Self-AssemblySelf-assembly is the process by which small particles (components) spontaneously aggregate into larger structures. This is a ubiquitous phenomenon in nature, and is observed across all length scales. Aggregation of Cheerios on the milk surface, packing of lipids into biological membranes , and aggregation of proteins into viral shells (capsids) are just a few examples of such fundamental processes.
Gaining an understanding of the physical mechanisms driving self-assembly of biological or artificial components will shed light on critical biological processes and simultaneously holds promise for the development of materials with novel functional, mechanical, and optical properties.
The problem is that for self-assembly to take place, a very delicate balance between entropic and energetic contributions, coupled to a specific set of geometric features of the components, must be satisfied. Self-assembly is not to be expected unless a careful design of the building blocks has been performed beforehand.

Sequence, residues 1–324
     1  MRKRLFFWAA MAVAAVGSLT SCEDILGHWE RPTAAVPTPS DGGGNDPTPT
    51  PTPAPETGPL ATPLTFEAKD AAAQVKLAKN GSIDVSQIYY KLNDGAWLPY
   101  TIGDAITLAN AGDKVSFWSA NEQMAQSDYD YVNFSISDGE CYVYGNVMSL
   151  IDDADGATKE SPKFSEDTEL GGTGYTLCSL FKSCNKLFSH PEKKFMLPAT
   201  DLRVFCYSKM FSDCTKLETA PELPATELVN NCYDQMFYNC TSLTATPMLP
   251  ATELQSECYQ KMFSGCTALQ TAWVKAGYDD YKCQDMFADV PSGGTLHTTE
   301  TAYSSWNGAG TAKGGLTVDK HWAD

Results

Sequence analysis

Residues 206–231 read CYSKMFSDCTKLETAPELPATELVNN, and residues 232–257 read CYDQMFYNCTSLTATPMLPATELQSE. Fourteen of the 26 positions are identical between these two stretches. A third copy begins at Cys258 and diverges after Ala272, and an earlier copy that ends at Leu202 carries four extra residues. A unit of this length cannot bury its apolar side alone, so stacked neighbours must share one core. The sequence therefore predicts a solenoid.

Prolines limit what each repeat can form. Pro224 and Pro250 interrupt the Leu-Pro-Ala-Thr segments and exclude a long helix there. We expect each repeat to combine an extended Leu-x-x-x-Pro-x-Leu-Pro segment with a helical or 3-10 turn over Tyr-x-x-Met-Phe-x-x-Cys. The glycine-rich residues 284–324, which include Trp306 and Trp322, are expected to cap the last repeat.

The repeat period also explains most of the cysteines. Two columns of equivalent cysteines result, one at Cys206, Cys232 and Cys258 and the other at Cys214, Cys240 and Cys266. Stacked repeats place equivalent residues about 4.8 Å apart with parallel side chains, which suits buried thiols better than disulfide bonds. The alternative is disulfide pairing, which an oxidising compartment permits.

This App enables the user to design his/her own components and watch them aggregate into complex two-dimensional structures. The idea is to understand how the shape and the interactions between any two particles affect the overall symmetry of the final aggregate, and find the temperature and concentration that generate the best structures.
The goal is to provide a simple, fun and direct tool for nonscientist to experience first hand the beautiful world of physical chemistry. The user can post his/her structures online in a flickr account explicitly setup for this project, by emailing a snapshot of his/her results to the following address: firstname.lastname@example.org.
This project is part of the outreach program of the Cacciuto group and has been funded by the National Science Foundation under Career Grant DMR-0846426.